A photo from the lyric booklet to Sufjan Stevens Carrie & Lowell.
  • A photo from the lyric booklet to Sufjan Stevens' Carrie & Lowell.
By most accounts, Sufjan Stevens has abandoned his "50 states" concept. Following 2003's Michigan album and 2005's massively successful Illinois, Stevens apparently dropped his grand overarching idea of writing and recording a series of 50 albums, each devoted to a specific state. And who can blame him? It was a ridiculously gargantuan-sounding project, one that would take a lifetime to complete. 2010's The Age of Adz had no ties to the theme, and his upcoming Carrie & Lowell album seemingly doesn't either.

Or does it? The advance review copy of Carrie & Lowell—whose title refers to Stevens' mother and stepfather*—reveals a trove of Oregon tie-ins. First of all, a chunk of it was recorded here in Portland at Flora Studio with Tucker Martine; Laura Veirs appears on some of those tracks. Other portions of the album were recorded on an iPhone in a Klamath Falls hotel room.

The album itself reveals a lot more. There's a photo in the liner notes that is quite obviously the Oregon Coast (see above). And the Beaver State references within the lyrics are myriad. Here's what we've found so far (special thanks to Andrew Tonry for his help).

The song "Should Have Known Better" contains the line "I'm light as a feather/I'm bright as the Oregon breeze."

Additionally, "All of Me Wants All of You" mentions Spencer's Butte, which is on the southern outskirts of Eugene. If that weren't enough, there's an entire song called "Eugene." That song mentions that city's Emerald Park, and also includes a line about a Subaru, which surely is an Oregon reference.

The title track, "Carrie & Lowell," includes the lyric: "Cottage Grove shade, invite me in." This is one of the more obscure songs on the album, also containing non-Oregon-related references to Erebus, Valentine, Opal, and Thorazine, which I think are all elements of Hellenic mythology.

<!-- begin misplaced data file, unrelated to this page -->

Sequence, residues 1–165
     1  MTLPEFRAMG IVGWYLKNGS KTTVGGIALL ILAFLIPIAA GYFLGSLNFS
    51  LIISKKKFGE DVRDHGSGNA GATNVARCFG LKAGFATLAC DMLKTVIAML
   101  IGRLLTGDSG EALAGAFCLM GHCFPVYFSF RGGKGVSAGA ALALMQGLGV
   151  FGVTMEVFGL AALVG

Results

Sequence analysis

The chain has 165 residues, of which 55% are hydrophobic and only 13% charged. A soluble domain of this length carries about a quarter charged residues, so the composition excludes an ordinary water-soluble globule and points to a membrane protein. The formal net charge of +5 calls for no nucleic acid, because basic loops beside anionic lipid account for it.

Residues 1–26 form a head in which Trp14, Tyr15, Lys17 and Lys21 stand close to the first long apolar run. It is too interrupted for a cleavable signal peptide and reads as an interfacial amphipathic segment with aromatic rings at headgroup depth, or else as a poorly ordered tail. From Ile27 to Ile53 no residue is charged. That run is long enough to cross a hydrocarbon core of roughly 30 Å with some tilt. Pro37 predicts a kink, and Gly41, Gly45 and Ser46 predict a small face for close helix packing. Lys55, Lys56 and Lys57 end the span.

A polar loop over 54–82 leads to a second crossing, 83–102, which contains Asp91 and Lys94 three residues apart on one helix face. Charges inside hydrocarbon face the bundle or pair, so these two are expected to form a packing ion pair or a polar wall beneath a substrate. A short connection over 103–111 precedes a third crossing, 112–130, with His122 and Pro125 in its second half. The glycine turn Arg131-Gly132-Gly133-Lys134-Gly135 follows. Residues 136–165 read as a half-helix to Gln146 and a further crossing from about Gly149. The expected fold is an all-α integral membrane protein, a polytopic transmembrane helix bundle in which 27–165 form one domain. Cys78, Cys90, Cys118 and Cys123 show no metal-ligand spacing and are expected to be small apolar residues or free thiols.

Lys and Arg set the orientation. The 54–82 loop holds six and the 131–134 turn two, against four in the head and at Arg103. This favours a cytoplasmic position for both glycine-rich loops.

Another song, "No Shade in the Shadow of the Cross," mentions the Dalles, and "Fourth of July" has the lyric, "Tell me, what did you learn from the Tillamook burn?" This is most likely a reference to some cheddar cheese that didn't go down the right way. And "The Only Thing" mentions some "sea lion caves," no doubt the famous ones located on the Oregon Coast.

UPDATE: Here's one I missed: The opening track is titled "Death with Dignity." That surely is an Oregon reference. (Thanks, Bri Brey, for point that out!) Perhaps Stevens has commented elsewhere, or someone else has diagrammed it, but the album appears to contain connected themes of death and loss and parents. I hesitate to comment on Stevens' biography without any concrete facts, but just going from the lyrics, it does seem like he's spent a lot of time in Oregon over the years, and recently had to deal with the death of a loved one.

SECOND UPDATE: There's a lot more about this in a Pitchfork interview. Stevens spent some formative summers in Oregon with his mother and stepfather; his mother, Carrie, passed away in 2012.

Even putting all these connections aside, it's clear Stevens is no stranger to Oregon. He recently scored a film called Round-Up which was shot at the Pendleton Round-Up and contains arty, slo-mo footage of the rodeo. Here's the trailer, which is pretty gorgeous:

Carrie & Lowell comes out on Asthmatic Kitty on March 31, and Stevens plays a Portland show on June 8 at Arlene Schnitzer Concert Hall.

* and not to former Bond girl Carey Lowell**
** although with Sufjan, who can say for sure? I'm sure the Carey Lowell tie-in crossed his mind at one point***
*** or maybe I'm just reaching with the whole Carey Lowell thing. I just think about Carey Lowell a lot in general. Licence to Kill is totally underrated. Have you seen it lately? It's kind of amazing. It's a Bond movie trying to imitate those hard-boiled '80s action movies of the era with kind of hilarious results. Wayne Newton is in it! And Carey Lowell, too. I think I mentioned that.****